U.S. Issues Europe Travel Alert as Intel Shows Terror Plot Targeting Paris, Berlin Landmarks

Terrorists plotting to carry out a Mumbai-style massacre in western Europe have a list of high-profile targets in their sights ranging from the Eiffel Tower to a hotel near Berlin's famed Brandenburg Gate, according to intelligence relayed to Fox News.

Information about the threat is seeping out as the United States issues a rare blanket travel alert for Americans in Europe, warning about the possibility of an Al Qaeda strike and advising U.S. citizens to be vigilant. The State Department alert did not offer specifics about the targets and countries that could be most at risk, saying only that Americans should be careful around transportation hubs and other popular tourist locations.

But a senior western intelligence official told Fox News on Sunday that a German-Pakistani national interrogated at Bagram Air Base in Afghanistan provided a list of targets. The list was later confirmed by another senior intelligence official.

They include the Eiffel Tower in Paris and the luxury Hotel Adlon near Berlin's Brandenburg Gate. Targets also include the Notre Dame Cathedral in Paris, as well as Berlin's Central Station and its landmark Alexanderplatz TV tower. One official said security has also been tightened around the British royal family.

The State Department alert is one step below a travel warning advising Americans not to visit Europe. It comes after officials warned that Usama bin Laden is trying to execute a multi-city terror attack modeled after the deadly rampage in Mumbai two years ago.

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Undersecretary of Management Patrick Kennedy says they are not telling Americans to cancel their plans to visit Europe.

"We are not, repeat not, advising Americans not to go to Europe," Kennedy said during a conference call.

State Department spokeswoman Nicole Thompson said she could not recall another Europe-wide alert of this nature. She said the department is "arming Americans with information" should they choose to travel and that visitors should use extra caution while traveling around "soft targets" like hotels.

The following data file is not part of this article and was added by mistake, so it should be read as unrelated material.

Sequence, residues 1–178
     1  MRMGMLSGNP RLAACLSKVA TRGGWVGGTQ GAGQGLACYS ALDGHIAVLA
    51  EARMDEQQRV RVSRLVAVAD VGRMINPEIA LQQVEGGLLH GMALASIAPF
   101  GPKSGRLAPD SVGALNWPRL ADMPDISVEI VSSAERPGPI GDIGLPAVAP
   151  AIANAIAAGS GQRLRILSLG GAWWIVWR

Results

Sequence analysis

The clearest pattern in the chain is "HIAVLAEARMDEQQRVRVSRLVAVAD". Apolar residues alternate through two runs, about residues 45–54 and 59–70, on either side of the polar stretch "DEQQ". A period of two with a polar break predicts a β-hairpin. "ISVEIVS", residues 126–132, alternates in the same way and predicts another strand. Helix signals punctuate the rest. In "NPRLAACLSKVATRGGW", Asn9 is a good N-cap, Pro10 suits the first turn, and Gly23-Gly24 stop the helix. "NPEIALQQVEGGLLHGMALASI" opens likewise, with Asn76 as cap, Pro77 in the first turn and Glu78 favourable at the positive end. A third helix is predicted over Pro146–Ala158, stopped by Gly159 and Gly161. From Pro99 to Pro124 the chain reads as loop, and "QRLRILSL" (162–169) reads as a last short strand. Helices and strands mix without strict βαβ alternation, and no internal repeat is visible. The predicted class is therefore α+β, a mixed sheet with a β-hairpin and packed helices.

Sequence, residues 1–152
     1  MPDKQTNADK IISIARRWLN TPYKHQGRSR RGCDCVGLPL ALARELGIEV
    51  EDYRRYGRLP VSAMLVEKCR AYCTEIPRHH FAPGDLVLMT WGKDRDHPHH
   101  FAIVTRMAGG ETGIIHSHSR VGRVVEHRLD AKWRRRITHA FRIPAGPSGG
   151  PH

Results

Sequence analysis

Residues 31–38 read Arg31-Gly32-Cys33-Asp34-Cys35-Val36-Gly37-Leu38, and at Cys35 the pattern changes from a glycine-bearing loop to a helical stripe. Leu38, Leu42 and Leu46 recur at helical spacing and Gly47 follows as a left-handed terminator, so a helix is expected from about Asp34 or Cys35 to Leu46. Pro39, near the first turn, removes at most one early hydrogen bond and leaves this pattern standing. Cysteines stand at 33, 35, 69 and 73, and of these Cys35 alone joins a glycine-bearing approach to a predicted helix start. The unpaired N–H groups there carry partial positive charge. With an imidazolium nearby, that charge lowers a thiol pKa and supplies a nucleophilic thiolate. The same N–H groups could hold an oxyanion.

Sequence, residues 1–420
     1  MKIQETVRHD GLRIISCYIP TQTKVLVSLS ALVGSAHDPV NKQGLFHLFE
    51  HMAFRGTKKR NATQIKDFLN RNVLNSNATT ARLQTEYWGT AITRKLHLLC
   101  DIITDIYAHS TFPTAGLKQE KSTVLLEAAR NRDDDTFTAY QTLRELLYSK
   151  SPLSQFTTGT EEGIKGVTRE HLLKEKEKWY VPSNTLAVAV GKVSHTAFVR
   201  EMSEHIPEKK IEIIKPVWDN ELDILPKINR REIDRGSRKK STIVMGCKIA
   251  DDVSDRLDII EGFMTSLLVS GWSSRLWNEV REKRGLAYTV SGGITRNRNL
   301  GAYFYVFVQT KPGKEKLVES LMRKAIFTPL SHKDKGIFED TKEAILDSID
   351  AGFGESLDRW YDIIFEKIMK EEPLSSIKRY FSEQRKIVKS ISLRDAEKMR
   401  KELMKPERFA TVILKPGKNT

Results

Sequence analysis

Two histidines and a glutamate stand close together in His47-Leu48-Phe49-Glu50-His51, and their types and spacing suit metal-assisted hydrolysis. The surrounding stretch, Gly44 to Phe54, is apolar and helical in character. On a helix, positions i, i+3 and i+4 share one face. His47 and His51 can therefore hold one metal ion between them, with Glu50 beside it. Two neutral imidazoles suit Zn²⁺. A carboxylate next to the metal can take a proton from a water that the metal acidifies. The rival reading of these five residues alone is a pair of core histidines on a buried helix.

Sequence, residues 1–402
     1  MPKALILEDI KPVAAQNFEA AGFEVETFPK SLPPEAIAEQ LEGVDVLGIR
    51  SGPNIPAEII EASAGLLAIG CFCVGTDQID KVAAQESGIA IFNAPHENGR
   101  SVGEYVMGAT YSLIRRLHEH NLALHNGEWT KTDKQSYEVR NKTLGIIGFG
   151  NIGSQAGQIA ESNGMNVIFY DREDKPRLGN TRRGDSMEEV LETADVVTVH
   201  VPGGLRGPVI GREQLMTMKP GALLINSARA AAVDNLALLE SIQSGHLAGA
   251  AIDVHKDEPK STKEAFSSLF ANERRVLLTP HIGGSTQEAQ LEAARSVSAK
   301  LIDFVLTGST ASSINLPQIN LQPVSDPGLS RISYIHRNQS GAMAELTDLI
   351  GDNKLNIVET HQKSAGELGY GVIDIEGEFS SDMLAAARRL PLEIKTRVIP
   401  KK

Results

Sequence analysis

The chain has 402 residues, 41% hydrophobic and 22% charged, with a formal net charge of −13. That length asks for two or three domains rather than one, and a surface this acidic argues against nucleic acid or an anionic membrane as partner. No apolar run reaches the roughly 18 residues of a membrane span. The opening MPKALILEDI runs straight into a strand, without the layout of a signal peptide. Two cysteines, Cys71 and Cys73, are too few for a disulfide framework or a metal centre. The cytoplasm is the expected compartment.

White House spokesman Nick Shapiro said President Obama has been monitoring the threat on a "daily basis" and has pledged to do "everything possible" to disrupt the plot.

A senior administration official said American and European officials are "all in sync" in assessing and trying to stop the threat. The official said the president has met with his security team every day since Friday. The official said newly named Chief of Staff Pete Rouse chaired a conference call with Cabinet secretaries and security officials Saturday evening.

The State Department alert urged U.S. citizens to "take every precaution" and adopt "appropriate safety measures" while traveling.

"Current information suggests that Al Qaeda and affiliated organizations continue to plan terrorist attacks. European governments have taken action to guard against a terrorist attack and some have spoken publicly about the heightened threat conditions," the State Department said.

"Terrorists may elect to use a variety of means and weapons and target both official and private interests. U.S. citizens are reminded of the potential for terrorists to attack public transportation systems and other tourist infrastructure. Terrorists have targeted and attacked subway and rail systems, as well as aviation and maritime services."

If the intelligence is correct, this would be the most involved role that bin Laden has played in plotting attacks since Sept. 11, 2001.

"It's clear and the plot is clear. The clarity of detail on the plans for these attacks is disturbing," one official told Fox News.

There was "some degree of coordination between the multiple teams of attackers targeting at least three Western European cities, but not all know when to hit," the official said, adding the goal was to kill many more than the 173 killed in Mumbai.

Eight Germans and two British brothers are at the heart of the terror plot against European cities, but the plan is still in its early stages, with the suspects calling acquaintances in Europe to plan logistics, a Pakistani intelligence official said Thursday.

One of the Britons died in a recent CIA missile strike, he said. The Pakistani official said the suspects are hiding in North Waziristan, a Pakistani tribal region where militancy is rife and where the U.S. has focused many of its drone-fired missile strikes.

Britain's Foreign Office also upgraded its travel advice for France and Germany, warning Britons going to those countries that the threat of terrorism there is high. Before Sunday's change, the government's travel advice for France and Germany was that the threat from terror attacks there was "general." Germany's Interior Ministry said it saw no need to change its assessment of risks to the country and there were "still no concrete indications of imminent attacks" there. France also has not changed its travel advice.

The U.S. travel alert, which stressed that U.S. officials are working "closely" with the Europeans to track down terror threats, expires Jan. 31, 2011.

The alert urges Americans to register their travel plans online with the consular section of the U.S. Embassy at the State Department website. Travelers can also get updates on security conditions by calling 1-888-407-4747.

Fox News' Jennifer Griffin and Mike Emanuel and The Associated Press contributed to this report.